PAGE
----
A Quick Primer to Using White Privilege, Or How I Met the Director of The Victoria Memorial

We had no plan in mind when we arrived at the Victoria Memorial.

Desh, our facilitator, Alec (fellow Fulbrighter) and I proceeded to the ticket booth upon arriving at the Victoria Memorial, which sells entrance to the magnificent British Raj era building and its gardens at Rs. 150 for foreigners and Rs. 10 for Indians.

Desh took the lead, thank goodness, telling the security guards in Bangla, “They are Fulbright researchers here to do research at the Memorial. Please let us in.”

“Do you have an appointment?” the guards asked.

“We’ve been in contact Dr. J.S. (the Director of the Memorial). You can call him and check”

We had no appointment. But what we do have is white skin, Fulbright research visas, official documents with plenty of stampy-stampies on them, a good facilitator, and a sense of bravado to get you through almost anywhere.

The security guard called S.’s office saying Fulbright researchers are here. S. was a Fulbrighters himself to the U.S. I think that helped us through.

The guards waved us through free of charge. At the building’s entrance, a member of the staff greeted us, bringing us through a service elevator to the second floor, taking us past signs clearly saying, “Admission Prohibited” and asked us to wait while he gets the Director.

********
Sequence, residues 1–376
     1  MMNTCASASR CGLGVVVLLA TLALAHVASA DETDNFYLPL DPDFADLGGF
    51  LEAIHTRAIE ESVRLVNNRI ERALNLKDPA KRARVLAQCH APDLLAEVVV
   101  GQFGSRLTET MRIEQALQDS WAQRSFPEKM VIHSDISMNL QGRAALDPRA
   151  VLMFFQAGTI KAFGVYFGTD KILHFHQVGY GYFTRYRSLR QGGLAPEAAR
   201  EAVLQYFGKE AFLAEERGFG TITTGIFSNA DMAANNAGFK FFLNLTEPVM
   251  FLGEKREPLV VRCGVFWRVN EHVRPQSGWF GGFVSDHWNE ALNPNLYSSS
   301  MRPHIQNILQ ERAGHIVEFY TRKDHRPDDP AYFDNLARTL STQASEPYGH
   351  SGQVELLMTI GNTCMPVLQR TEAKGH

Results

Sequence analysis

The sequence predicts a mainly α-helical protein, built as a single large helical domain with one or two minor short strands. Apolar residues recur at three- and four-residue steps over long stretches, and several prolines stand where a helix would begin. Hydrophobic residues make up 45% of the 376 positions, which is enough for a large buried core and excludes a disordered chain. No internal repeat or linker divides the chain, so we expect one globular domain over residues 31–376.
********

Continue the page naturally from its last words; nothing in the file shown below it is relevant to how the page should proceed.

“Do you have an appointment?” he says in Bangla after a moment’s hesitation.

Desh replies, “Yes, we’ve been emailing”

A minute later, we’re ushered in to the director’s office, and make introductions. After a moment of pleasantries, the Director asked, “Have we been in contact?”

A second of awkward silence before I replied, “I’ve been emailing your department.” (True enough, I had been trying to email the director for the last year, but he had changed their email address, unbeknownst to me.)

The most productive meeting in years followed, where I learned that two weeks ago he initiated a project to digitize the records I was looking for, Hyde’s Legal Notebooks, outsourcing the work to Jadavpur University (one of my affiliates). The records are unfortunately off bounds during the process, but there is another copy on microfilm at the national library. 

He guaranteed that I would have access to any of the “brittle pages” not available at the National Library once they had been digitized (they won’t be open to the public, but rather as an on-request service for scholars. He also gave me the contact details of the department leading the charge on digitization, as well as a number of relevant scholars in Calcutta and the US. 

Pretty cool stuff!!!